Baked Ham with a Secret Glaze
Published by Harper Perenniel
Mavis and Cyn used to keep the recipe for their out-of-this-world baked ham close to their vests. It’s not a secret anymore. We prefer using a bone-in ham, but this punchlike blend of wine, honey, and pineapple juice is also just the thing to gussy up a canned ham. If you cook a larger ham, allow 10 minutes per pound to heat the ham through, but baste only during the last hour of cooking, or the glaze may scorch.
“This is mostly a holiday kind of dish—a holiday ham,” says Mavis Young, the other half of Mavis’ and Cyn’s Restaurant and Catering. “I usually make it for a large gathering of family or friends so that not much will be left over. Otherwise 1 might try to finish it all up myself!”
Serves8 to 10
Total Timeunder 4 hours
OccasionBuffet, Family Get-together, game day
Recipe Coursemain course
Dietary Considerationegg-free, gluten-free, lactose-free, peanut free, soy free, tree nut free
Taste and Texturemeaty, salty, savory, smoky, sweet, tangy, winey
- ½ cup packed light brown sugar
- ½ cup honey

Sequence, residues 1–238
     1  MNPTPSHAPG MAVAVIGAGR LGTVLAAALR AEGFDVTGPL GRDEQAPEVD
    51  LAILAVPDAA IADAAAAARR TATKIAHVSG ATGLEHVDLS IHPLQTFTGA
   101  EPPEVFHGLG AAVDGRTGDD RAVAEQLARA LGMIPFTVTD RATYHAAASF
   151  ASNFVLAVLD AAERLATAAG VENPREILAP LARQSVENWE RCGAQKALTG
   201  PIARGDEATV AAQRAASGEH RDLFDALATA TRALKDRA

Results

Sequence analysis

- ½ cup dry red wine
- ½ cup pineapple juice
- 1 garlic clove, minced
- 1 (6-pound) bone-in precooked smoked ham
In a large bowl, whisk together the brown sugar, honey, red wine, pineapple juice, and garlic. Place the ham in the marinade, turn to coat it, and let it stand at room temperature for at least 1 or up to 4 hours, or cover and refrigerate overnight. Turn the ham in the marinade as many times as you remember to do so.
Preheat the oven to 350°.
Place the ham on a rack in an aluminum foil-lined roasting pan, reserving the marinade. Bake the ham, basting often with the reserved marinade, until a meat thermometer inserted in the thickest part of the ham (not touching the bone) reads 120°, about 1 hour.
To carve the ham, hold the meat steady with a carving fork and slice the meat horizontally, parallel to the bone. When you reach the bone, turn the ham over and repeat the procedure on the other side.
1991 Eric V. Copage